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New algorithm for OHSS prevention

Evangelos G Papanikolaou17*, Peter Humaidan2, Nikos Polyzos3, Sofia Kalantaridou4, Sahar Kol5, Claudio Benadiva6, Herman Tournaye3 and Basil Tarlatzis7

Author Affiliations

1 Human Reproduction & Genetics Foundation, Adrianoupoleos 6, 55133 Kalamaria, Thessaloniki, Greece

2 The Fertility Clinic Odense University Hospital (OUH) Boulevard 29, entrance 55 5000 Odense C, Denmark

3 Centrum voor Reproductieve Geneeskunde, UZ Brussel, Flemish Free university of Brussels, Belgium

4 Department of Obstetrics and Gynecology, University of Ioannina, Greece

5 Department of Obstetrics and Gynecology, IVF Unit, Rambam Medical Center, Haifa, Israel

6 Center for Advanced Reproductive Services, University of Connecticut School of Medicine, Department of Obstetrics and Gynecology, Farmington, Connecticut, USA

7 Assisted Reproduction Unit, 1st Department of Obstetrics and Gynecology, Aristotle University of Thessaloniki, Greece

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Reproductive Biology and Endocrinology 2011, 9:147  doi:10.1186/1477-7827-9-147

Published: 3 November 2011


Ovarian hyperstimulation syndrome (OHSS) still remains a life-threatening complication of in vitro fertilization treatment (IVF), keeping patients and especially those, who previously experienced OHSS, from attempting infertility treatment and childbearing. The recent implementation of four new modalities: the GnRH antagonist protocol, GnRH agonist (GnRHa) triggering of ovulation, blastocyst transfer and embryo/oocyte vitrification, renders feasible the elimination of OHSS in connection with ovarian hyperstimulation for IVF treatment. The proposed current algorithm is based on the number of follicles developed after ovarian stimulation, setting a cut-off level at the development of 18 or more follicles. Further, fulfilling this criterion, the algorithm is based on four decision-making points: the final day of patient work-up, the day of triggering final oocyte maturation, day-1 post oocyte pick-up (OPU) and day-5 post OPU.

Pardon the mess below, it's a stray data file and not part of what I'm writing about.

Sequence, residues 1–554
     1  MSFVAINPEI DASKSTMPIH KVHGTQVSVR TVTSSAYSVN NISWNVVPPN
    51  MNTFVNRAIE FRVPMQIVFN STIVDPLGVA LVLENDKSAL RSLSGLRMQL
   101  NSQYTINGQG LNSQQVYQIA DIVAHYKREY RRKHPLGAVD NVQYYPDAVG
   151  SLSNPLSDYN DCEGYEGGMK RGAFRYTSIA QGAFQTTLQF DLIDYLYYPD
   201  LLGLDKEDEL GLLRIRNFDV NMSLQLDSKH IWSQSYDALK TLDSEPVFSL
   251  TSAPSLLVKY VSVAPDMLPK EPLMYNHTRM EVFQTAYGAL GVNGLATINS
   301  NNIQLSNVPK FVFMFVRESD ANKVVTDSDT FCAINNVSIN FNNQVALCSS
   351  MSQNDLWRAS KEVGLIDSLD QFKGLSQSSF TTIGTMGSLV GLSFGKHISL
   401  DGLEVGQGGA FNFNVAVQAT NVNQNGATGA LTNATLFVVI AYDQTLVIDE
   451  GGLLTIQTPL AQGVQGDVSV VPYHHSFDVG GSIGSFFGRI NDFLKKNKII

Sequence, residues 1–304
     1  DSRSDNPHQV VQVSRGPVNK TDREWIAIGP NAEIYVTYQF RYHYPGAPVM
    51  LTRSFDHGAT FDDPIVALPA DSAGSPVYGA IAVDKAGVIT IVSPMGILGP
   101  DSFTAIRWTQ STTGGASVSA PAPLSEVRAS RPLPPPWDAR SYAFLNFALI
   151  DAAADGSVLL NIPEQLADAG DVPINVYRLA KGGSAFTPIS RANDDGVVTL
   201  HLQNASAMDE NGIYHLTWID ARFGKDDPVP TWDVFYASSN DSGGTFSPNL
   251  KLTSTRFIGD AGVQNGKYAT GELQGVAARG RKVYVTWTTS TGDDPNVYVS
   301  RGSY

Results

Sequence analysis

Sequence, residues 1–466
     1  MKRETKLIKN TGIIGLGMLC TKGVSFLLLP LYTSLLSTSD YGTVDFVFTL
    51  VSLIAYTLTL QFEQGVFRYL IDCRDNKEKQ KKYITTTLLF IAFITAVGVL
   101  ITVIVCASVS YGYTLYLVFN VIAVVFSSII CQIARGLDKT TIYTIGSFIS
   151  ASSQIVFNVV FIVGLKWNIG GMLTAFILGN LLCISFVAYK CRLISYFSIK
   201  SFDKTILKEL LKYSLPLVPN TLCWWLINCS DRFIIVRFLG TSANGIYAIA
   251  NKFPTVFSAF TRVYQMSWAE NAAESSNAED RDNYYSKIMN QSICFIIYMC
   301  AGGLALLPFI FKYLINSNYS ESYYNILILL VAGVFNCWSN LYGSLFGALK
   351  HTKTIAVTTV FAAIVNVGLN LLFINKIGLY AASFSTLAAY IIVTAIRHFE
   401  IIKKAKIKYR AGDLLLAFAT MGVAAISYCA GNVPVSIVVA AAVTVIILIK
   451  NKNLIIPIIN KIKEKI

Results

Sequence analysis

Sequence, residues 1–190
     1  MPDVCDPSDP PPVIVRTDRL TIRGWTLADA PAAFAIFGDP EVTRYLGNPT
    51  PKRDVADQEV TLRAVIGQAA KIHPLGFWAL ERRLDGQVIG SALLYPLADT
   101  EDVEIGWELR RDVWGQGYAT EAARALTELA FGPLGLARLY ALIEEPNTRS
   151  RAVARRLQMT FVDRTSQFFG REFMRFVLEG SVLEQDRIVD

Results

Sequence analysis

If the physician decides to administer hCG for final oocyte maturation regardless the type of analogue used, he has the option on day-1 to either freeze all embryos or to proceed to day-5. On this day, based on the clinical condition of the patient, a decision should be made to either transfer a single blastocyst or to vitrify all blastocysts available. However, this strategy will not guarantee an OHSS free luteal phase especially if a pregnancy occurs. If the physician decides to trigger ovulation with GnRHa, feasible only with the antagonist protocol, embryos can be cultured until day-5. On this day a transfer can be performed with no risk of OHSS and spare blastocysts may be vitrified. Alternatively, on day-1 or day-2 post OPU, all embryos could be frozen.

Hopefully, in a near future, GnRHa triggering and vitrification of oocytes will become everyday practice. Only the combined use of a GnRH antagonist protocol with GnRHa triggering and subsequent single blastocyst transfer or embryo/oocyte freezing will completely abolish the risk of OHSS after ovarian hyperstimulation.